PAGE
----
It is well known that Lord Elgin had sent a group of artists to Athens in 1800, but that their entrance to the Acropolis was difficult and was interrupted by the Turks at various times and for various reasons. It is also well understood that Lord Elgin’s plans, when he set out in 1799 as British ambassador to Constantinople, never included any thoughts of removing antiquities from the Athenian Acropolis. Casts, measurements, sketches and drawings were all he could have conceived of. Actually, even when the chaplain of his embassy, the reverend Philip Hunt visited Athens in the spring of 1801 and upon coming back to Constantinople composed a detail request for the various works Lord Elgin’s team wished to carry out on the Acropolis (this request was eventually used in the text of the famous “firman”, petitioned and obtained by Lord Elgin as a friendly gesture from the Kaimacam, a high-rank Turkish official in Constantinople) no possibility of removing antiquities from the building itself or others on the Acropolis had crept into Elgin’s mind. This is clearly shown by the letters Elgin sent to Athens later on, when he first learned about Hunt’s success in obtaining the first metopes from the Parthenon .Surprise, excitement, eagerness and contentment are evident throughout the texts. Whether such a notion had crossed Hunt’s inner mind beforehand cannot be known.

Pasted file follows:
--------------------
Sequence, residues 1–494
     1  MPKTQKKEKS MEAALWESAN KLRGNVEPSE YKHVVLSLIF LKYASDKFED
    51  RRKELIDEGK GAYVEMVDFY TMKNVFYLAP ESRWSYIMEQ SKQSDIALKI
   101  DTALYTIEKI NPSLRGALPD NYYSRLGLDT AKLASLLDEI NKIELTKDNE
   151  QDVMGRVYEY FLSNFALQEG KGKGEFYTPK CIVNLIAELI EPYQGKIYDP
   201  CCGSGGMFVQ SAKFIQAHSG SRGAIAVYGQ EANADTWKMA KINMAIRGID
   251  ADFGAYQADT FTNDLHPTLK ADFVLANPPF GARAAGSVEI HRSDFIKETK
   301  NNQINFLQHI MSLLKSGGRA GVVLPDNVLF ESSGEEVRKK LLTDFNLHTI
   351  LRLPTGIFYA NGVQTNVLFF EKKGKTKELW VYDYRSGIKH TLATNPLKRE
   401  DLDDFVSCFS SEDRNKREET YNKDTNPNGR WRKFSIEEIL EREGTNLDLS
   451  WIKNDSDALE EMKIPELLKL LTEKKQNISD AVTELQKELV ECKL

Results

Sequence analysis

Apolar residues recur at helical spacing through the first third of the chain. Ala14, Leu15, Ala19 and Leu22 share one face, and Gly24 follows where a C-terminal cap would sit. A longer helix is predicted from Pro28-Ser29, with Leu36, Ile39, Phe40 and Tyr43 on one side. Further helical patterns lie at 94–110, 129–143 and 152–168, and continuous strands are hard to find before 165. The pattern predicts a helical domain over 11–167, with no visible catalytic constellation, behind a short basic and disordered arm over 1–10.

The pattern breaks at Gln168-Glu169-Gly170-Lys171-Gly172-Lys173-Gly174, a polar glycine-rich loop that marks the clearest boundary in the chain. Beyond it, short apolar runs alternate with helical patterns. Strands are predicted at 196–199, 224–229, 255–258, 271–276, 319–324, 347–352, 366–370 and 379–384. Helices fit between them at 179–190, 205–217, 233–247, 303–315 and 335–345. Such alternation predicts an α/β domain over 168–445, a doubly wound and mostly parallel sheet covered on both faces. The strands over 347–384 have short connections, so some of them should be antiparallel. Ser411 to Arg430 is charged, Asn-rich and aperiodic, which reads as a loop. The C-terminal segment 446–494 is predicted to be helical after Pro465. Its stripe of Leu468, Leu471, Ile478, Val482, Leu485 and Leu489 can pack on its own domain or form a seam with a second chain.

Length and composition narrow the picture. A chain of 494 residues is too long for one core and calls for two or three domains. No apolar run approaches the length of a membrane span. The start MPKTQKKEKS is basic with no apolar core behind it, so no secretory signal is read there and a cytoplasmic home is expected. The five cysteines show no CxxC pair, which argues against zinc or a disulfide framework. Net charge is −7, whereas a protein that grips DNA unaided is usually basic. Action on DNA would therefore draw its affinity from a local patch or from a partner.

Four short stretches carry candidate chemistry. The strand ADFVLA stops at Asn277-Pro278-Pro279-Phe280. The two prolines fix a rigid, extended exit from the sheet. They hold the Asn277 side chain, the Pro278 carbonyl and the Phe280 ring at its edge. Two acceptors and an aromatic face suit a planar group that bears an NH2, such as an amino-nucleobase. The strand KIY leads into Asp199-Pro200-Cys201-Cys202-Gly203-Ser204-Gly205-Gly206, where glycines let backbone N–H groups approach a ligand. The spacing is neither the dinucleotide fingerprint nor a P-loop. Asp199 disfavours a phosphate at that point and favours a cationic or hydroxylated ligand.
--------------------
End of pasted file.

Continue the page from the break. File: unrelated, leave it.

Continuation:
In any case, Hunt returned to Athens in the summer of 1801, with the letter (the so-called “firman”) of the Kaimacam in hand , when he understood that the conditions of the time presented a unique change for him to enrich Lord Elgin’s Athenian enterprise with original antiquities from the Parthenon itself. This was a very daring move, which, however, was finally accepted nonetheless by the Athenian Turks, through bribes. presents and blackmail. Hunt initially asked for the removal of one of the best-preserved metopes from the building, which in fact took place on the 31st July 1801 with the help of a ship carpenter and five members of the crew of a British ship. They were far not the most sensitive people toward classical antiquities one could find. Hunt asked then for the second and so forth. This potential made Elgin’s team cross the borderline and from that moment on until 1804 when Lusieri’s actions on the Acropolis were stopped; an enormous, amazing and unique collection was accumulated for the Scottish Lord. From the Parthenon he acquired: 56 blocks from the frieze, 19 pedimental statues and 15 metopes , along with certain architectural members, from the monument (Fig.1).